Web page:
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7

I am neither defending nor opposing jallikattu. Nor do I intend this to be an adverserial discussion. Bear with me, it is slightly long. The downside of describing behavior of bulls to those not trained to see it is that each picture seems to take a thousand words.

My response to the response by Poorva Joshipura, CEO of PETA India to my article on Jallikattu

While I don't agree with PETA India's view about the ban, I agree that the rights of animals must be protected. My main issue is that it does not seem familiar with the body language of cattle and sees everything as abuse, even when the bulls themselves clearly don't.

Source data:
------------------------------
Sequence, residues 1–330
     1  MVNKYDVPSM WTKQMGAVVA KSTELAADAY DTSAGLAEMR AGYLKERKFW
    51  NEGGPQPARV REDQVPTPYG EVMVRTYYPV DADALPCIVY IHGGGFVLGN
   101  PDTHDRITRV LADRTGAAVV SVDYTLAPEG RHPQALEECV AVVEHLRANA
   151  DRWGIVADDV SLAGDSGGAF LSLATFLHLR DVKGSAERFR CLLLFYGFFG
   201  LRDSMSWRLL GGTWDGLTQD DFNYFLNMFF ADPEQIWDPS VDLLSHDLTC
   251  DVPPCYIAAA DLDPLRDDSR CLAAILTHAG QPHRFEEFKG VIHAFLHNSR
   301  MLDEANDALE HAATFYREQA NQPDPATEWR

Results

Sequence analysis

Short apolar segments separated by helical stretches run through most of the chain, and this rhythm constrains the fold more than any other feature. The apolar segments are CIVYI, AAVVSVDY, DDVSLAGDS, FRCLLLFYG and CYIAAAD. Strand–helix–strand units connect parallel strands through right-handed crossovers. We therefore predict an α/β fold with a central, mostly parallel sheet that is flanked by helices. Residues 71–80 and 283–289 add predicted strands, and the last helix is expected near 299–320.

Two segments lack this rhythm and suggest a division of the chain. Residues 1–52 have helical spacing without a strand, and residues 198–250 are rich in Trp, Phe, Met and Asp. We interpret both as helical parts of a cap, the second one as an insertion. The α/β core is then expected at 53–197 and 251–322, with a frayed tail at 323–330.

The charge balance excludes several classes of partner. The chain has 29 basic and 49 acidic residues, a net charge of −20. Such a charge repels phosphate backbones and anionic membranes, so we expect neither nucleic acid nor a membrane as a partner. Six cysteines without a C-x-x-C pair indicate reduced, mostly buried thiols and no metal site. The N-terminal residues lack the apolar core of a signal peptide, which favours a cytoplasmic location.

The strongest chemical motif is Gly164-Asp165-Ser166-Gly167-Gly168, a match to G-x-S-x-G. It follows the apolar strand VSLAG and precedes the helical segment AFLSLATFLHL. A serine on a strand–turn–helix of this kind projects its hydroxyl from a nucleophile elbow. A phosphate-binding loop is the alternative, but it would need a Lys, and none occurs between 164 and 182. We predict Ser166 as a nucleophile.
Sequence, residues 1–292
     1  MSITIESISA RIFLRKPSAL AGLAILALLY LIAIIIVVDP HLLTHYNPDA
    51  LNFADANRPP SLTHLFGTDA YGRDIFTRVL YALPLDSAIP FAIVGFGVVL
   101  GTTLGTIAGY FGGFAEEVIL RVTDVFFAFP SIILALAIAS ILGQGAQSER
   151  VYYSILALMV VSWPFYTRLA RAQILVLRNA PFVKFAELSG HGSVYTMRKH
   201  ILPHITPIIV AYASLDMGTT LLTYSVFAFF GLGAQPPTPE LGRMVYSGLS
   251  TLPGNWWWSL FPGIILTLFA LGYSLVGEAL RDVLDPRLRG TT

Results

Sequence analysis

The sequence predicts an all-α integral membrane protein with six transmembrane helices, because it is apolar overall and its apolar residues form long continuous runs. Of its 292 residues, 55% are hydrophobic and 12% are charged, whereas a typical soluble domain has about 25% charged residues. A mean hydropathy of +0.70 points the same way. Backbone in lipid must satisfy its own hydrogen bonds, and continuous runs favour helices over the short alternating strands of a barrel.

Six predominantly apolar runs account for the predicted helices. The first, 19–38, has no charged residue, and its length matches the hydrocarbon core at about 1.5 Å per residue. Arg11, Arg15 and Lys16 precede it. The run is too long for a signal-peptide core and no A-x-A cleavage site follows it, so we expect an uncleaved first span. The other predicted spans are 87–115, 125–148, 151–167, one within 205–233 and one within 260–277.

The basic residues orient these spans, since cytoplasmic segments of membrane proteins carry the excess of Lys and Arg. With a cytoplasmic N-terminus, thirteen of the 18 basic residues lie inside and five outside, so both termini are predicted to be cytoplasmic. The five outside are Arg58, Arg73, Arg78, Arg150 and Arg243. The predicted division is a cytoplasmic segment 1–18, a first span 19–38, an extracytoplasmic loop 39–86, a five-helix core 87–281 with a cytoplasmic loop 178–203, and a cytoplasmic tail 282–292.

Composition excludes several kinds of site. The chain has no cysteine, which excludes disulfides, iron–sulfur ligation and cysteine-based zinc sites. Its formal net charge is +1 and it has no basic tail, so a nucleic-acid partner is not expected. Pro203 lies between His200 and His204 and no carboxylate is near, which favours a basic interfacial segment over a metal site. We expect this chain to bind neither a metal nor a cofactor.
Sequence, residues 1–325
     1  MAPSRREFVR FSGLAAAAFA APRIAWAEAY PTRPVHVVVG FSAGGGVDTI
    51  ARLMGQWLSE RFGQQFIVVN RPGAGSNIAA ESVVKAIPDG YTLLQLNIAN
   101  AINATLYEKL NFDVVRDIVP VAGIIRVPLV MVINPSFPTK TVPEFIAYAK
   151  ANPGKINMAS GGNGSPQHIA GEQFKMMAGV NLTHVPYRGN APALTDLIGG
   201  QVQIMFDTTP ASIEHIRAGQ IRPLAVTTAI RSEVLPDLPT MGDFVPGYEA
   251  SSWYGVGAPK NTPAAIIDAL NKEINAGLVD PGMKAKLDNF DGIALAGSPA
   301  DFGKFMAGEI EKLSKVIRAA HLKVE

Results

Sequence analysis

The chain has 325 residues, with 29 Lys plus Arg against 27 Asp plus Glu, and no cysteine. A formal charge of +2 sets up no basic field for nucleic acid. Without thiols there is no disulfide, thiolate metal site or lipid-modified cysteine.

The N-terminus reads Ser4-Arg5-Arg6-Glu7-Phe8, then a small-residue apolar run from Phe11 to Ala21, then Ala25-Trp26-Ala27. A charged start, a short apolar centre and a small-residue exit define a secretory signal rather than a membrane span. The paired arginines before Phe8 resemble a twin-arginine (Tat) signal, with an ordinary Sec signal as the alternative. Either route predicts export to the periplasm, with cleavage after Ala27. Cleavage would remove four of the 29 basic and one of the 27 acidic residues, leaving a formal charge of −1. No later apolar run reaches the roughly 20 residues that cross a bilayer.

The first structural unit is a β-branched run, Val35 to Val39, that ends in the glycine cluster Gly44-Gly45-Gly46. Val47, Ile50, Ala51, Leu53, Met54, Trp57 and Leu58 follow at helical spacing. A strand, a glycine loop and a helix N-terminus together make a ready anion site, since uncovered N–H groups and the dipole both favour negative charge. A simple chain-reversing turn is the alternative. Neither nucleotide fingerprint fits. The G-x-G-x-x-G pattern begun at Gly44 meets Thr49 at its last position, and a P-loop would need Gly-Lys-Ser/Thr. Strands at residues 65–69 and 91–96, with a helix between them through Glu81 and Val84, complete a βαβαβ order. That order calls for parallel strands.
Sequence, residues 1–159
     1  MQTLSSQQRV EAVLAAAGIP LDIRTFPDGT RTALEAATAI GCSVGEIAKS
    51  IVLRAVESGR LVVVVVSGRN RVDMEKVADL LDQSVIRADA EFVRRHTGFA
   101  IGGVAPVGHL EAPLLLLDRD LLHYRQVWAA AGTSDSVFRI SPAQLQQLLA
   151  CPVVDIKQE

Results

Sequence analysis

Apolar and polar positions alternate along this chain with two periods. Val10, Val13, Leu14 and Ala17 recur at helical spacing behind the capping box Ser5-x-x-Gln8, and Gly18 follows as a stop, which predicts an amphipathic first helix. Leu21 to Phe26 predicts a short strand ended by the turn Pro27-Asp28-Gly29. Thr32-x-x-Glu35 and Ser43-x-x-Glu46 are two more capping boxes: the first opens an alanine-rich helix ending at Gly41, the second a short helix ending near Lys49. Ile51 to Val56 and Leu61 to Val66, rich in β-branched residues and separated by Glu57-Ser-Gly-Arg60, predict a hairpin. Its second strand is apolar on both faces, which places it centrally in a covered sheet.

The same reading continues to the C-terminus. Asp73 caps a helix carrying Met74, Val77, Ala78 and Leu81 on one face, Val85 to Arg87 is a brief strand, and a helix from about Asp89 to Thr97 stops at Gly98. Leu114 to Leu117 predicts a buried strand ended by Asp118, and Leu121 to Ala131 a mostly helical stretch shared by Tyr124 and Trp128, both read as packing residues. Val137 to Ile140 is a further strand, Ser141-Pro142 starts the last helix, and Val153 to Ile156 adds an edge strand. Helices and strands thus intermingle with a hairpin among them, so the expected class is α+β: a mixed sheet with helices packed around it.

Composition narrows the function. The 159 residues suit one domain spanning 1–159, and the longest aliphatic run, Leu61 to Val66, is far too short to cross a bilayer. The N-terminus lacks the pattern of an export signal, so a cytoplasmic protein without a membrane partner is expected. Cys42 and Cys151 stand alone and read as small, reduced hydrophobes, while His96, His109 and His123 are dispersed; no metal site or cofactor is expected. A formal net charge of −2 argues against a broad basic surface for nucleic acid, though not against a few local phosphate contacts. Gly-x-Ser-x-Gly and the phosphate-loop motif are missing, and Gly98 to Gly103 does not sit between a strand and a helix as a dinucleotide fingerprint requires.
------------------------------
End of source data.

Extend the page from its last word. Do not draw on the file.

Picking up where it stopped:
On the similarities between jallikattu and bullfighting—since you raised the point—there are many. You say weapons are used in bullfights—well guess what, they are also used during jallikattu events. During jallikattu, in the holding area, participants stab and jab bulls with sickles, spears, knives and sticks in order to force them to run toward the mob of men (which goes against their desire, which is to flee in the opposite direction). In bullfighting, the bulls are often deliberately disoriented. For jallikattu, bulls may be force-fed alcohol for the same purpose. Jallikattu participants also cause bulls intense pain by yanking their nose ropes, and jallikattu participants also punch, jump on and drag bulls to the ground and twist and bite their tails.

I will post here the video you refer to, that was included in my original article as visuals of the abuse Poorva mentions. An attempt to let bulls speak for themselves, so to say.